Divers Left Alone At Sea: In what can best be described as a nightmare come true, British Diver Richard Neely, 38, and his American girlfriend Allyson Dalton, 40 were left behind by their diving group last week, and were forced to survive for more than 19 hours adrift at sea.
The couple was on vacation in Australia and were diving off the Great Barrier Reef. The dive was to last just one hour, but turned into an ordeal after they surfaced roughly 200 meters from their boat. The strong current was pulling them away, and they couldn’t swim fast enough to reach their companions. Shouting for help had no effect, and soon the commercial diving boat left and three hours passed before anyone noticed that they were missing. An extensive search began shortly there after.
Neely and Dalton jettisoned their depleted oxygen tanks, and later their weight belts, to allow themselves to become more buoyant but as night set in, the water grew cooler. Neely remembered reading in a book that it was best to lash yourselves together in a situation like that, and in a move that may have saved their lives, the couple were able to share body warmth throughout the night.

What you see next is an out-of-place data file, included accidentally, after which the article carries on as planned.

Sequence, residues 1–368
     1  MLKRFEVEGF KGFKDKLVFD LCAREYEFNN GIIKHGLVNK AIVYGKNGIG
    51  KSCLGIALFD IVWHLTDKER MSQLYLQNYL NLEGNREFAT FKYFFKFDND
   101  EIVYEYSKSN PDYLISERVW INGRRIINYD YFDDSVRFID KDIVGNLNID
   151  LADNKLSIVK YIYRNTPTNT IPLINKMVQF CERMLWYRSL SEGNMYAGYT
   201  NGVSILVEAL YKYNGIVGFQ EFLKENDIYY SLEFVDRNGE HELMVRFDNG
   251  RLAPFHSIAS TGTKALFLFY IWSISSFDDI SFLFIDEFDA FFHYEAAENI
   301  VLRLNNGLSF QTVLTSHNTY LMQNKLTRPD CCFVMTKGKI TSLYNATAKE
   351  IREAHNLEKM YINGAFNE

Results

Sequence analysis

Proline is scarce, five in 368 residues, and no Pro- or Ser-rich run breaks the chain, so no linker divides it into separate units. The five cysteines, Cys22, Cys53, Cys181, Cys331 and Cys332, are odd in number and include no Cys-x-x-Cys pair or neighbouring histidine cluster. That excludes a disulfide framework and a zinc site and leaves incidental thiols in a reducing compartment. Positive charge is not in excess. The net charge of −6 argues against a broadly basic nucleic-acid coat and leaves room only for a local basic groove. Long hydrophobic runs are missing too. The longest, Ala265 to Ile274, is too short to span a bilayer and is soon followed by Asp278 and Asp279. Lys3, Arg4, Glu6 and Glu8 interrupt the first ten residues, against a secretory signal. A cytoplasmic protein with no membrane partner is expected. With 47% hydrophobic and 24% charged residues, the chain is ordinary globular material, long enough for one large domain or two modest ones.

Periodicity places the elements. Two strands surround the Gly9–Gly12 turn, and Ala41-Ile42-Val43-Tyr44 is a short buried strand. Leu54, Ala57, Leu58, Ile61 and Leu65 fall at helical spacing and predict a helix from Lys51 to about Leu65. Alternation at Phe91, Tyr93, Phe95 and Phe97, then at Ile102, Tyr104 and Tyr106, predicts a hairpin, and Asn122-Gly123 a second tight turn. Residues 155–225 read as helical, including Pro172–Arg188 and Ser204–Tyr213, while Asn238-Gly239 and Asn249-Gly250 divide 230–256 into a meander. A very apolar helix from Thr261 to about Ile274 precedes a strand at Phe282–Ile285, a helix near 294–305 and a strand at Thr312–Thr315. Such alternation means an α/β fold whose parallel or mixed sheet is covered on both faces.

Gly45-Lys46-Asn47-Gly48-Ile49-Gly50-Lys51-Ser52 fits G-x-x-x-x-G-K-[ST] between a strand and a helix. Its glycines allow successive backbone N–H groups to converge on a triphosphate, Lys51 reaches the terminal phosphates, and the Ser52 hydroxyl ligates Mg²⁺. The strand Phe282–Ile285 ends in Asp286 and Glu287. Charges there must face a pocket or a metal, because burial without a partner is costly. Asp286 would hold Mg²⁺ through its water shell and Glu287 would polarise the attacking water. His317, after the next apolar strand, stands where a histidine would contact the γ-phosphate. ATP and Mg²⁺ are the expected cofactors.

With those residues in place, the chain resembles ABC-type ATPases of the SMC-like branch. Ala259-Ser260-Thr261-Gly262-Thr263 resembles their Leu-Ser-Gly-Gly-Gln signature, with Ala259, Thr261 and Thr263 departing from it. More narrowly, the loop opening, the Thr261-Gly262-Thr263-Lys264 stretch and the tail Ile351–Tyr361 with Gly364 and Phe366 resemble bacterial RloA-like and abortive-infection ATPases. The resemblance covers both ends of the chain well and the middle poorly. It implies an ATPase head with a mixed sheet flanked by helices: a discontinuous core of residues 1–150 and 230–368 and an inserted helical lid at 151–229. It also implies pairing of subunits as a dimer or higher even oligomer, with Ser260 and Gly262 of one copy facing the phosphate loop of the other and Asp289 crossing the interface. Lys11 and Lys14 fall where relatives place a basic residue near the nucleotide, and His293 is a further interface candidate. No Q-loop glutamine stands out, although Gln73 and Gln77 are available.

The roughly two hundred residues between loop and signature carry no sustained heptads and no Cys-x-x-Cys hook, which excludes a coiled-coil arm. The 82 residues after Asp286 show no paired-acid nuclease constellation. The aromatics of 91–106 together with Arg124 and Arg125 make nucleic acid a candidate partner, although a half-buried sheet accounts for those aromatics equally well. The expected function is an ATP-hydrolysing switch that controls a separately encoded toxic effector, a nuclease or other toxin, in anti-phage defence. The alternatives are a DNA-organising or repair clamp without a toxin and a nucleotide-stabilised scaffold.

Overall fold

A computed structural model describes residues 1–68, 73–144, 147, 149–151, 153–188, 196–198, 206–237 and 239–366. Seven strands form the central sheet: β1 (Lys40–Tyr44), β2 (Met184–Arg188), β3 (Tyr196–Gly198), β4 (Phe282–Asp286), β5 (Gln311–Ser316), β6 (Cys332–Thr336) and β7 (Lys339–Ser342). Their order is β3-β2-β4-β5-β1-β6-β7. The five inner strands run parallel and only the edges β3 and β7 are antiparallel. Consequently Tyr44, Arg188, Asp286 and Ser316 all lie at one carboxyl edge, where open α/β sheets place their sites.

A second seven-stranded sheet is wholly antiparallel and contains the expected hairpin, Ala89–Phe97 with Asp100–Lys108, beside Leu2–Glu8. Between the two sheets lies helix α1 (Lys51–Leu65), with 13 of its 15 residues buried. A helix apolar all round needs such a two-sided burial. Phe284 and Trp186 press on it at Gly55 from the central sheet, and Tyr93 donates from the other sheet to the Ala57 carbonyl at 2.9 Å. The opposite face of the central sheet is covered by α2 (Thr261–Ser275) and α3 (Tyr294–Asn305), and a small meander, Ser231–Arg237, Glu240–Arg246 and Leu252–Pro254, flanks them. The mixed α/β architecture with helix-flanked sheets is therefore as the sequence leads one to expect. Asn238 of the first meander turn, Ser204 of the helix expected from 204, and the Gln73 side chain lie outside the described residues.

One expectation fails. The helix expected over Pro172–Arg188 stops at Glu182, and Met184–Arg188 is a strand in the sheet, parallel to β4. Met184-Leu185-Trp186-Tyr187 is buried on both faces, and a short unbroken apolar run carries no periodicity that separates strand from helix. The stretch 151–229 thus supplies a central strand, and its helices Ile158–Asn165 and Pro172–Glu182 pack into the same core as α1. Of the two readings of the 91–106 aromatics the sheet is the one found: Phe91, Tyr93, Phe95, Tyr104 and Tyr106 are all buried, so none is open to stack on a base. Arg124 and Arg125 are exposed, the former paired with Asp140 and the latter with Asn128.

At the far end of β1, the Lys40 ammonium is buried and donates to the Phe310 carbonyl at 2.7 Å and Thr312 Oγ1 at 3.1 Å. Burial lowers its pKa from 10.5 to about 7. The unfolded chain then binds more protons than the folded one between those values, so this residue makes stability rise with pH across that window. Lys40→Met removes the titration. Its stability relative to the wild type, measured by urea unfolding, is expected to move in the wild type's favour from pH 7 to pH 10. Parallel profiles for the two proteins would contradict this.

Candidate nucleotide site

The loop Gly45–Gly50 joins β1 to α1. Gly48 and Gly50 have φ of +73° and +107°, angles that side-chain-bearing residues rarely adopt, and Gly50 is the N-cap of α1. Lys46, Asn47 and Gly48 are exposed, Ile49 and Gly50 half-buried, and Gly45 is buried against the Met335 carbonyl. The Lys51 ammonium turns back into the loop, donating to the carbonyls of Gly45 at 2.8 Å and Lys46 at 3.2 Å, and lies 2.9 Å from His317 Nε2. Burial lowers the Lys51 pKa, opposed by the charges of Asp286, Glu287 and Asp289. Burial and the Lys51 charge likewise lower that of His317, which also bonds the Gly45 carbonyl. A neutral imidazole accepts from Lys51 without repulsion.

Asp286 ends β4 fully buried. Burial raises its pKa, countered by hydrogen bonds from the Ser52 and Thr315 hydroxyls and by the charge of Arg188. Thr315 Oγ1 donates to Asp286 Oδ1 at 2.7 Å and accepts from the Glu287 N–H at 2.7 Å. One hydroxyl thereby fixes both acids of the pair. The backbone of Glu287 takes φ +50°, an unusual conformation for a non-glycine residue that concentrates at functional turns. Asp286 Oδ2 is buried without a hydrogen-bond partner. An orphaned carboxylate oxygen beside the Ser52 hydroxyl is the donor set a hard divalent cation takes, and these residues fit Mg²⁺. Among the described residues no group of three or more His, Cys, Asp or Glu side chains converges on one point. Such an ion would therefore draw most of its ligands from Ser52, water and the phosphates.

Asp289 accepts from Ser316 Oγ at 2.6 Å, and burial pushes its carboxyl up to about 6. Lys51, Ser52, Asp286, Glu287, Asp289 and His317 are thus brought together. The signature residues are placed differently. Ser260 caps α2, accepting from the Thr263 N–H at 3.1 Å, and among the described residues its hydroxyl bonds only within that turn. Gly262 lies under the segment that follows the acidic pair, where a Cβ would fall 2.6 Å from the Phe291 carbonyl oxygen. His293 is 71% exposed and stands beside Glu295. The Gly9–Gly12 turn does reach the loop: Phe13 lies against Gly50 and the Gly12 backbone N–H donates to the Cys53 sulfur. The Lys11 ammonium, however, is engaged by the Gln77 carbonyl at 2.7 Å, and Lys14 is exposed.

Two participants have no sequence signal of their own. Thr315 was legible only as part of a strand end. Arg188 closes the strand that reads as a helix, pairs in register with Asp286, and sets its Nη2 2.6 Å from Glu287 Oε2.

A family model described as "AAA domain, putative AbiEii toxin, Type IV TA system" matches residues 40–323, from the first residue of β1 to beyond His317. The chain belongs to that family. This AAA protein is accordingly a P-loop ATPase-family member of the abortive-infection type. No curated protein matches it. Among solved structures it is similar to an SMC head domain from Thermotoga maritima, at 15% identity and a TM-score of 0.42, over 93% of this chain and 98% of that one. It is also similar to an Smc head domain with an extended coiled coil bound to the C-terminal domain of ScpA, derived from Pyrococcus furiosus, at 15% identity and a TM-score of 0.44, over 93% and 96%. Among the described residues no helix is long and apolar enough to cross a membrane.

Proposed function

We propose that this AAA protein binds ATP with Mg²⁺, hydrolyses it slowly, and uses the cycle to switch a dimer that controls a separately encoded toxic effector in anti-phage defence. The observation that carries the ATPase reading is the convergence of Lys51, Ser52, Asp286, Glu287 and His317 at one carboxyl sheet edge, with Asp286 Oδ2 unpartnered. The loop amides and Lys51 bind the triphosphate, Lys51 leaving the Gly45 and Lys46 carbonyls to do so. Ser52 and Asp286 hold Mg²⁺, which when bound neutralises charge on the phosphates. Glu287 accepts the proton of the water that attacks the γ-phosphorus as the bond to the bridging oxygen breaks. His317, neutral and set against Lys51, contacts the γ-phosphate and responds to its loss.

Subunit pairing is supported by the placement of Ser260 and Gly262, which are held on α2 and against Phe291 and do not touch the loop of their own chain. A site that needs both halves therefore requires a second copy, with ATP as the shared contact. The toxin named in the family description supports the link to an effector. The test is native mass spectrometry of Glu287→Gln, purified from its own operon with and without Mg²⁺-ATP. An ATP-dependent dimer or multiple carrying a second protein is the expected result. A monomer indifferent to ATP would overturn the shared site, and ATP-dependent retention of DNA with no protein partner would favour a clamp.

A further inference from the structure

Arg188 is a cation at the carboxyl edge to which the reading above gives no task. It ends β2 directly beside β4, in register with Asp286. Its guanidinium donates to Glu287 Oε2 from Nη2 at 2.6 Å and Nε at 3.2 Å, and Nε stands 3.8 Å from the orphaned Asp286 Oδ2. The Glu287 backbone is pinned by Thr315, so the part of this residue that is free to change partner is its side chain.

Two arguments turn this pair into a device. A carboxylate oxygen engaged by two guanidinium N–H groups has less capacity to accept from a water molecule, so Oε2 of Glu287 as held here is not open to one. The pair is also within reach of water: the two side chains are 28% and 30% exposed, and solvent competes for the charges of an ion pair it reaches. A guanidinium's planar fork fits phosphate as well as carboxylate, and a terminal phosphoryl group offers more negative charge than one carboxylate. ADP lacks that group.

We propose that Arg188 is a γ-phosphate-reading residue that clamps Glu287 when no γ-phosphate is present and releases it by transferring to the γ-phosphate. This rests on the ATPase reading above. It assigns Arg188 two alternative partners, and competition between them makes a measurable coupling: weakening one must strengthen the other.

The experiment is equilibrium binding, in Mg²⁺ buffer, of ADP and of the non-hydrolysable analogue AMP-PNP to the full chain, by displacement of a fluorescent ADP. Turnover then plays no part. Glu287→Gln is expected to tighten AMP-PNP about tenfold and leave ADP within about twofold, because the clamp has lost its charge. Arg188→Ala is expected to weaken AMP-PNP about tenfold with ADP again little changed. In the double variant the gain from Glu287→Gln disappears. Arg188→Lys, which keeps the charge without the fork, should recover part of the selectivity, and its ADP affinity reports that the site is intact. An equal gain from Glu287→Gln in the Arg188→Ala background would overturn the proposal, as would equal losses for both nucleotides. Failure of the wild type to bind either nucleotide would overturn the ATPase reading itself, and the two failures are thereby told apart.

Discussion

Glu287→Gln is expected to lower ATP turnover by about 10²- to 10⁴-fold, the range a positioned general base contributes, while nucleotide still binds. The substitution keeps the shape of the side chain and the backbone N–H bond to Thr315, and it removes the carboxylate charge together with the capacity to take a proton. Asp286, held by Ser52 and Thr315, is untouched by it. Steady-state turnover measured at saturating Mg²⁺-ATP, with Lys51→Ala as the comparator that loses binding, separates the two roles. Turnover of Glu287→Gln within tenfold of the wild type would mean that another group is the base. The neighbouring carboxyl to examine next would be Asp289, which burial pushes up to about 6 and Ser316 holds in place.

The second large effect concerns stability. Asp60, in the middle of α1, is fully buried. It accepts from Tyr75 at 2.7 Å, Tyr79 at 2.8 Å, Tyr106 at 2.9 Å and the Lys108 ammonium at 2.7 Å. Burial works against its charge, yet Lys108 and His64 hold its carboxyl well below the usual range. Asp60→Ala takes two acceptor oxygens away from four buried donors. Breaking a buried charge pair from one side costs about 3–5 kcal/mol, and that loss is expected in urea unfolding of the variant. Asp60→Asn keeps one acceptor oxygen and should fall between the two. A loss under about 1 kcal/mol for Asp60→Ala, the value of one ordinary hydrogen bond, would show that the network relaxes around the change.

The longer they were at sea, the more they began to think about the sharks that inhabited the area. The Great Barrier Reef is home to the largest shark population on the planet, and the two divers were afraid to even mention the word to one another. As the daw approached, there fear grew, as they knew that sharks were more likely to attack at dawn.
Fortunately the dawn also brought back warmth and light, allowing the search teams to continue their job. Eventually they were spotted by helicopter and pulled from the water, cold and wet, but only a little worse for wear.
If you’ve seen the movie Open Water you probably have a bit of an idea what these two were going through and how they might have been left behind. These large commercial diving boats often have a lot of people and a quick head count is performed before leaving the area. I guess in this case the head count was either not performed at all or it was a miscount, but either way, they’re lucky to be alive. Something tells me that they may soon own that diving company. 😉
- Get Back on the Road with the Deuter Up Stockholm Backpack - March 23, 2021
- Nepal has Some Dumb New Rules for Climbing Everest in 2021 - March 16, 2021
- New Polar Expedition Classification Scheme Looks to Define Cold Adventures - March 11, 2021